1.UK – FinTech
In a world where Royals are leaving their families to spend more time with their jobs, here’s a man who’s leaving his job to spend more time with his alpacas… AltFi reports.
“Monzo co-founder and deputy CEO Paul Rippon is standing down from a formal role with the digital bank, just shy five years since its launch.
Rippon, who is 48 and a financial services veteran, says he will be focusing mainly on a new venture set up by his wife focusing on alpaca farming in Northumberland.
In a post on LinkedIn, Rippon said: "Why did I leave? Simple, to go and enjoy life. At 48 years young I’ve been working in financial services for 27 years and working away from home for the last 8 years. Building a fast-growing bank takes its toll and even reducing my ‘work hours’ didn’t reduce the cognitive and emotional overhead."
2. UK – FinTech
“Unregulated German property scheme Dolphin Trust (now known as German Property Group; for clarity we will continue to use its less unnecessarily generic name) continues to struggle with repayments, according to media reports.
Wealth Options Trustees, an “investment wholesaler” based in Kildare, Ireland, has threatened to foreclose (presumably on behalf of Irish pension investors) in the event of non-payment.
Dolphin Trust’s CEO Charles Smethurst has admitted to “short-term cash-flow difficulties” according to WOT.
Dolphin Trust’s short-term difficulties started in the latter half of 2018, according to unpaid investors who spoke to the BBC last year.”
3. UK – FinTech
“Firms will have the flexibility to offer multiple introductory rates for up to 12 months, then they will need to choose one SEAR for their easy access cash savings accounts, and one for their easy access cash savings ISAs.
Christopher Woolard, Executive Director of Strategy & Competition at the FCA said: ‘Competition is not working well for many of the 40 million consumers with easy access savings accounts and we want that to change. Our proposals would mean firms have a single rate for customers immediately after their accounts have been open for 12 months. Firms will choose the rates they offer, and the rates they offer will have to be clearly published.
"This will prevent firms from gradually reducing interest rates over time and make them compete for all their customers. We are concerned that many longstanding customers are seeing a poor outcome and we want firms to focus more on these customers. The new rate will also make it easier for savers to know whether they are getting a good deal after any introductory offer has expired."
4. UK – FinTech
“Troubled minibond provider Blackmore hit the news again over the Christmas period after missing a third consecutive interest payment and falling overdue with its annual accounts.
Rather than regurgitate the last two articles, we’ll examine the important issues in depth.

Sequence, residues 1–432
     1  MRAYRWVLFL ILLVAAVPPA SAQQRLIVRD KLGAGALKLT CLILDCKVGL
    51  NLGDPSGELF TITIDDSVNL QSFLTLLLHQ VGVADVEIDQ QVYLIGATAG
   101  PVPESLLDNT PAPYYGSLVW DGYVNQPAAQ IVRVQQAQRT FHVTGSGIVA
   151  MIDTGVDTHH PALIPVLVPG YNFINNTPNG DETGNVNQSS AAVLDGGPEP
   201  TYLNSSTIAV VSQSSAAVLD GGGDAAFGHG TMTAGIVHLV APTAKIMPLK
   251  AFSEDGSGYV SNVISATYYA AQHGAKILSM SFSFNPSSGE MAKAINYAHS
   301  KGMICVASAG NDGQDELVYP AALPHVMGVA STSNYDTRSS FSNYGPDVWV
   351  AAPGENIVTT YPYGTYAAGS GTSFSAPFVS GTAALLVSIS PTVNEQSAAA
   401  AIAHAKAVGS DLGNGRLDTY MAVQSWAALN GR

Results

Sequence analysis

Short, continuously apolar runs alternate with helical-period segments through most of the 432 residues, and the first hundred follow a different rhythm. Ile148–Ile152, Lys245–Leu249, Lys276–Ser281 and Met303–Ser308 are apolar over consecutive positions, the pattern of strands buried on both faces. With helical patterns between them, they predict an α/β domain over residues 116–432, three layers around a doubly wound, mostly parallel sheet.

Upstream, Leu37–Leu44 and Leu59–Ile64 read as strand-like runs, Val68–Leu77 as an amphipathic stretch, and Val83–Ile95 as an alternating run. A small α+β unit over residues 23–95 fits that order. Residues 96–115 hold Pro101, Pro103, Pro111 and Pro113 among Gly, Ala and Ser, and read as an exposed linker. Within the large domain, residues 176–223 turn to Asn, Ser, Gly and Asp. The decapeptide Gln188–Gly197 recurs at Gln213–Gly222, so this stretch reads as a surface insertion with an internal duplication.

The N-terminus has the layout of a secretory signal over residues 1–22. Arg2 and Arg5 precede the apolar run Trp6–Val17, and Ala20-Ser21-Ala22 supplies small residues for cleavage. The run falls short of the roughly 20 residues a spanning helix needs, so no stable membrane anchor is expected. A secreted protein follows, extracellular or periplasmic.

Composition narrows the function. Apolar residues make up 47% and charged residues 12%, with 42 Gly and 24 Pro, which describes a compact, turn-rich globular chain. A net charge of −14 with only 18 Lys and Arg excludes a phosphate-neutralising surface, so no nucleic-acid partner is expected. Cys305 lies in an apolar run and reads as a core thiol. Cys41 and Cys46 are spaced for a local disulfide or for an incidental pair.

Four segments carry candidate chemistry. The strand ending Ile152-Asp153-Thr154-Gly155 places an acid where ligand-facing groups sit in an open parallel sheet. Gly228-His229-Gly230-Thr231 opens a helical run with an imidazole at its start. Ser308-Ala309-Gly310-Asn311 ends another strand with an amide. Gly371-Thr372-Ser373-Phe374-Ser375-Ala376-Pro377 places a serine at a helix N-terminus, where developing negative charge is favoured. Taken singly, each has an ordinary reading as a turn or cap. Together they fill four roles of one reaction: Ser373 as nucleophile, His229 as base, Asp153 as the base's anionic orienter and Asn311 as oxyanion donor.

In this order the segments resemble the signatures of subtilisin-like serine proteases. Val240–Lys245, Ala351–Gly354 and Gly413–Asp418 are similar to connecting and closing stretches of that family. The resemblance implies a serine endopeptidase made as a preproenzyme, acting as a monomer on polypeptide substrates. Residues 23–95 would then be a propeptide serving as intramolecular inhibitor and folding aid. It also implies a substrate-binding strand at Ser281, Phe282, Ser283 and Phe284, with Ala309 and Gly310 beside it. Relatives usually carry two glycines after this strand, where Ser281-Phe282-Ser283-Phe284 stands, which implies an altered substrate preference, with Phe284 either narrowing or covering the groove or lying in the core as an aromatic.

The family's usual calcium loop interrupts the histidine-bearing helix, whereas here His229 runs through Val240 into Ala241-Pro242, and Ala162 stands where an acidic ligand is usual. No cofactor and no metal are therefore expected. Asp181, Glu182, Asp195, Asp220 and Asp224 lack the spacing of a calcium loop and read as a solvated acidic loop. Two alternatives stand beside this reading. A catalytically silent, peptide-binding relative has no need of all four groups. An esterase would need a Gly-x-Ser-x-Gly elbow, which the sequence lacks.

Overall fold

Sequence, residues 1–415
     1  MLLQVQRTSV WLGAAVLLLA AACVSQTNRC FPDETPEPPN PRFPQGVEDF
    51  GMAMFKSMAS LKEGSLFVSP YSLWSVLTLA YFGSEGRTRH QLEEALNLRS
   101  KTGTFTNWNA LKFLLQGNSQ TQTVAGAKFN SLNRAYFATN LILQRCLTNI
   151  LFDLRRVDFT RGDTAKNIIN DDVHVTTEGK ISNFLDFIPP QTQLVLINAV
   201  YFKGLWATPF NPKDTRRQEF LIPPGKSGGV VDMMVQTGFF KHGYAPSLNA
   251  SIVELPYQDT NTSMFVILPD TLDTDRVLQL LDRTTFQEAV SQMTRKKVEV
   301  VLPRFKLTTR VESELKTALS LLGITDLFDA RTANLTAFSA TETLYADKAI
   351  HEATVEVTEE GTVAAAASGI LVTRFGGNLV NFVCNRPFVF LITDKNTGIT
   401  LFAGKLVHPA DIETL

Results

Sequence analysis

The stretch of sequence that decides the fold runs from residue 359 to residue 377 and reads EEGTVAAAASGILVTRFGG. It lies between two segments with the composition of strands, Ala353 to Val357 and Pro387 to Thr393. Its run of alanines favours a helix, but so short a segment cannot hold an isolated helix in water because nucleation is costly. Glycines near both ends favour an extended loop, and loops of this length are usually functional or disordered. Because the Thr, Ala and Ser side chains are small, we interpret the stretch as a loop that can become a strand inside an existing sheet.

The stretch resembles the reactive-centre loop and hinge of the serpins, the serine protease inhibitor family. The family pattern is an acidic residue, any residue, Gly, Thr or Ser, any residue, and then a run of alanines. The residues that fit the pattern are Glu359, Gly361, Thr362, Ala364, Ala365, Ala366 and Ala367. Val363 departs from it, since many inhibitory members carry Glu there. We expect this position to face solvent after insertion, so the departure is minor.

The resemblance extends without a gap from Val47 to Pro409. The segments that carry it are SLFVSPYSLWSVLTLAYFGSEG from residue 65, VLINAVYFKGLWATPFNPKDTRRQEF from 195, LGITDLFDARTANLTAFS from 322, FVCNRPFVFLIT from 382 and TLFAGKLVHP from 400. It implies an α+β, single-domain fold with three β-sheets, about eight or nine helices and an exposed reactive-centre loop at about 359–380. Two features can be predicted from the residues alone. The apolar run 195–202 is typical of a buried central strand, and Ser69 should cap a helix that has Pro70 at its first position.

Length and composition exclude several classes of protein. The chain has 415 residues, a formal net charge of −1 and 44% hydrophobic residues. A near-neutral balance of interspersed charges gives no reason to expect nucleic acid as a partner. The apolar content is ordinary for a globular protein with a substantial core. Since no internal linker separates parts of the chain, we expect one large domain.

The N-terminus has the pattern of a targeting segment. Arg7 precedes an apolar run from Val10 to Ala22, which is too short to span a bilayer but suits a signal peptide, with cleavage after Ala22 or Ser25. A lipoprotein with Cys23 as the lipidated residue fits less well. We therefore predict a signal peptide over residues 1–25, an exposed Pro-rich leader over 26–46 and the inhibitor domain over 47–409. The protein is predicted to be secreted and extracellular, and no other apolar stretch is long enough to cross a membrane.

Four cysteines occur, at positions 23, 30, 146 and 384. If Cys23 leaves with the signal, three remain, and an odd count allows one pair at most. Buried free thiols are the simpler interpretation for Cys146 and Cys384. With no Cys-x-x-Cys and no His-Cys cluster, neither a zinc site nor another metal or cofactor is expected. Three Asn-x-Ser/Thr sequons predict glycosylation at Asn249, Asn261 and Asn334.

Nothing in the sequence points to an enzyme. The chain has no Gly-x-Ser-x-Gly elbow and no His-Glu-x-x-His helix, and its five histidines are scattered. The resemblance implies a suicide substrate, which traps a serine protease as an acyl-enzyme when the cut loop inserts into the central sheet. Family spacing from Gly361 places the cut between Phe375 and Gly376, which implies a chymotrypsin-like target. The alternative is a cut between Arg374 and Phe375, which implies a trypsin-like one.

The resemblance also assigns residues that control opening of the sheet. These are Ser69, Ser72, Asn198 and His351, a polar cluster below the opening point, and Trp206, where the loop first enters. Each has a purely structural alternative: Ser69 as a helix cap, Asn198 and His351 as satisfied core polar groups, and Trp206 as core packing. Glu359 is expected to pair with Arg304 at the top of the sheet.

Q: Why has Blackmore stopped paying interest?
A: Blackmore has defaulted on three quarterly interest payments, starting in August. August’s was eventually paid a week late; Blackmore blamed a clerical error.”
But citizen journalism is often laced with important errors. This comment is instructive:
“Much of the comment on here is valuable. But how can you say: ‘All the information in our articles was correct as at the timestamp at the top of each article. Do let us know in the comments if anything is out of date’, and then in the comments here acknowledge a basic error (an important one too – an allegedly failed income payment by Blackmore) and then not be ‘bothered’ to correct it (your words). This is lazy and undermines the authority of the site.
FWIW, I wouldn’t touch Blackmore with the proverbial barge pole – but why let basic errors stand uncorrected, even if the product looks dodgy?
The other issue I have with this site is the anonymity of the editorial. Compare and contrast with the controversial Tom Winnifrith, whose Share Prophets site causes regular uproar and provides a valuable investor service. If I knew who was behind BR and if you behaved like Winnifrith (objectionable – but undoubtedly a real journalist and commentator) I might have given you some dosh when you held out the begging bowl recently. As it stands – a cloak of anonymity and allowing acknowledged errors to stand, you’re in a way bracketing yourselves with the furtive, low-grade crooks you write about.”
5. International – FinTech
The Central Bank of the Philippines (Bangko Sentral ng Pilipinas) has approved the first digital bank looking to launch in the island nation, according to AltFi.
"Tonik Digital Bank, part of Singapore’s Tonik Financial, plans to launch in the coming months after being given the green light by the regulator.
“Digital-only banks globally have successfully demonstrated their ability to take massive market share by launching hyper-compelling consumer propositions, while also operating at disruptively low unit costs,” said Tonik CEO and Founder Greg Krasnov.
“We believe that the regulator’s confidence in us serves as the testament to the unique strength and track record of our team and the attractiveness of our product philosophy.”